Do You Really Need Warranties on Appliances?

Buy and hold investors often find themselves in the appliance market. Smart tag-ice]landlords[/tag-ice] and investors know there are many ways to cut costs and get the best deals. One thing sure and certain is retailers’ profits are getting smaller and slimmer so they are now relying more and more on warranties.

Buy and hold investors often find themselves  in the  appliance market.  Smart [tag-ice]landlords[/tag-ice] and investors know there are many ways to cut costs and get the best deals.  One thing sure and certain is retailers’ profits are getting smaller and slimmer so they are  now relying more and more on warranties.  

 

Hence, the added pressure to buy warranties on ranges, refrigerators, dishwashers and etc.  Question is- do we really need them?  After all, we’re dealing with tenants, right? 

 

Here’s my take.  No, skip the warranties.  We don’t need many of them, or probably any of them.  Why? 

 

Most of today’s appliances will last and do what they are supposed to do.  We’re all familiar with the best most reliable brands.  For instance, don’t  ever buy high-end fancy appliances for rentals. (I wouldn’t buy those for your own home either.  We had to remove a top –of- the- line dishwasher from our kitchen recently  because it didn’t clean the dishes very well).   If anything will break down, fancy appliances often will. And they’re more difficult to get parts for.   

 

1. Basic run of the mill appliances are the best.

General Electric, Kenmore, Roper are some of the brands we buy on a regular basis.  Still doubtful?  Not sure what to buy?  Go to a good and busy appliance store such as H.H.Gregg  and ask one of the salespeople what apartment owners are buying.  They will tell you because they know the merchandise that’s moving.  They also know who’s buying what and why.

 

Parts  for basic brands can be found fast and the costs for repairs won’t be astronomical.  That’s when you actually do have repair problems, which will be rare.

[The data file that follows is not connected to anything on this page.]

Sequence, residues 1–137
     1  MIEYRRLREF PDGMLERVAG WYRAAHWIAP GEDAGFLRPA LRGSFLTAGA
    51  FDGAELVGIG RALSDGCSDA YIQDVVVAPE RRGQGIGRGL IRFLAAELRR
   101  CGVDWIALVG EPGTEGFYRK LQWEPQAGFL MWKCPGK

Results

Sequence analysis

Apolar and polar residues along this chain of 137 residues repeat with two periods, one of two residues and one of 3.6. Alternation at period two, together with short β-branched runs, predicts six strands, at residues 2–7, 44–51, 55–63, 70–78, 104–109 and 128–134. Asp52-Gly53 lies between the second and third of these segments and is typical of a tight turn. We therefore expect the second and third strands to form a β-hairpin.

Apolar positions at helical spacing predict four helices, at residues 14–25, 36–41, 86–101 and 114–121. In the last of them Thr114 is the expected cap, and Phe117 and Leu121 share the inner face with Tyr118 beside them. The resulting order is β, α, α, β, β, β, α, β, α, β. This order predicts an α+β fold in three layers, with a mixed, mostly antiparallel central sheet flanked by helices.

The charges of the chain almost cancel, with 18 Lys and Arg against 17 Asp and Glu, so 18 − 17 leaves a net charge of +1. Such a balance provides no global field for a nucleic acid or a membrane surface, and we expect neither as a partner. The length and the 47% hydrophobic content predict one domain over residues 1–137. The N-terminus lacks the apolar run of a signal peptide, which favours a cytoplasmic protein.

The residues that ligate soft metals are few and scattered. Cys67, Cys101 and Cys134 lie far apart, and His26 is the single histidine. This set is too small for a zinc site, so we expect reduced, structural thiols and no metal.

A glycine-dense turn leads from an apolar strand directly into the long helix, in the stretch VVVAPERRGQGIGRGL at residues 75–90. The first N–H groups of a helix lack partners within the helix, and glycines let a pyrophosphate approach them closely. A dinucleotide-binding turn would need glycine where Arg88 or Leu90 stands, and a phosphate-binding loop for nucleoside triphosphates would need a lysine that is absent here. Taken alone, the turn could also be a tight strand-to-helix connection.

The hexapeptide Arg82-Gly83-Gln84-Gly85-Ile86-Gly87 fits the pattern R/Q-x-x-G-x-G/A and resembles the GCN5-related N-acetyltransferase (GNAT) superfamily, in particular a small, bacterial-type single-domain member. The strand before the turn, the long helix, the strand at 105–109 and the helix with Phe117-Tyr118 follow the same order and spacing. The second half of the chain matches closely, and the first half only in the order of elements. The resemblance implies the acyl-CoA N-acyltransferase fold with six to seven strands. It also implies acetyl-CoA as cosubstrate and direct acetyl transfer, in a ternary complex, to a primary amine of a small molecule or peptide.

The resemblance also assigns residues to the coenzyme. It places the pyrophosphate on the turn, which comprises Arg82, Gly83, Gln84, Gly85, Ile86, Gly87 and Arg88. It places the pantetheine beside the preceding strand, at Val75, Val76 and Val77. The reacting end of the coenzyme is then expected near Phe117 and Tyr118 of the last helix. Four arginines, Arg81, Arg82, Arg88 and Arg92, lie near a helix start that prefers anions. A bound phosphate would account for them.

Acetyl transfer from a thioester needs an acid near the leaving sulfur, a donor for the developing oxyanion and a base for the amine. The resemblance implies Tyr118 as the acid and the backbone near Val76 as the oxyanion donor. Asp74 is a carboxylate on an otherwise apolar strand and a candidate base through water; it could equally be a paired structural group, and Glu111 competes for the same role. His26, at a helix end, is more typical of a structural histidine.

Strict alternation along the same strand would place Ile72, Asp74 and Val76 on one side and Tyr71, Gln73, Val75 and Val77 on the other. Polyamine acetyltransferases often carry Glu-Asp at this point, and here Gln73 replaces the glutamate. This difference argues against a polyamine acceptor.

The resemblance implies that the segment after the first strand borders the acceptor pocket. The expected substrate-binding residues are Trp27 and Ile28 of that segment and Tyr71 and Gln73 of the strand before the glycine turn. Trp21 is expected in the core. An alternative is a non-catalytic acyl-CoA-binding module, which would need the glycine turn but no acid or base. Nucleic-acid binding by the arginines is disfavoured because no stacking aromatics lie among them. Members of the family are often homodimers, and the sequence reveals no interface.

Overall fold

2. Always be careful and get the right size.

The salespeople will tell you which frig to buy for a one bedroom or a two bedroom unit.  That’s because one bedrooms will have smaller kitchens.  You’d better get the smaller frig so it will fit.  Too elementary?  It’s a very common mistake. Beware.

 

3.  Make sure your tenants know how to use appliances properly

Sometimes  repairs come about because tenants simply aren’t taking good care of the appliance.  Did you know you shouldn’t completely fill up  a dishwasher’s  soap  box?  We got that tip from a dishwasher repairman.  Too much soap puts too much  added stress on the dishwasher.  Added stress ages the dishwasher faster.  

 

Let’s get back to the warranty issue.  Why are many warranties useless?

Warranties are often just another way for retailers to get you to pay more. Don’t get caught up in this back-end fee and cut it out completely.     

 

Look at  the appliance’s  track record.  If it’s good, you’re okay.  Check with [tag-tec]Consumer Reports [/tag-tec] and see what the best appliances are.  (You should be reading that mag religiously anyway).

 

Read the find print on warranties.  You might be in for a big surprise on what is not covered.  

 

Over all, from our experience, warranties on appliances are a waste of money.  If you buy reliable brands and you only use  trusted repair people if you do have a problem  you will save lots of  money in the  long run.      

Technorati Tags: , , ,

Saved by Generation X

Thank goodness for Generation X. They’re the young folks born between 1965 and 1979. They’re now entering the real estate market for their peak house- buying years. And just in time. A slower market, still reeling from all of the dizzying street theater of the last three years needed some ballyhooing upwards.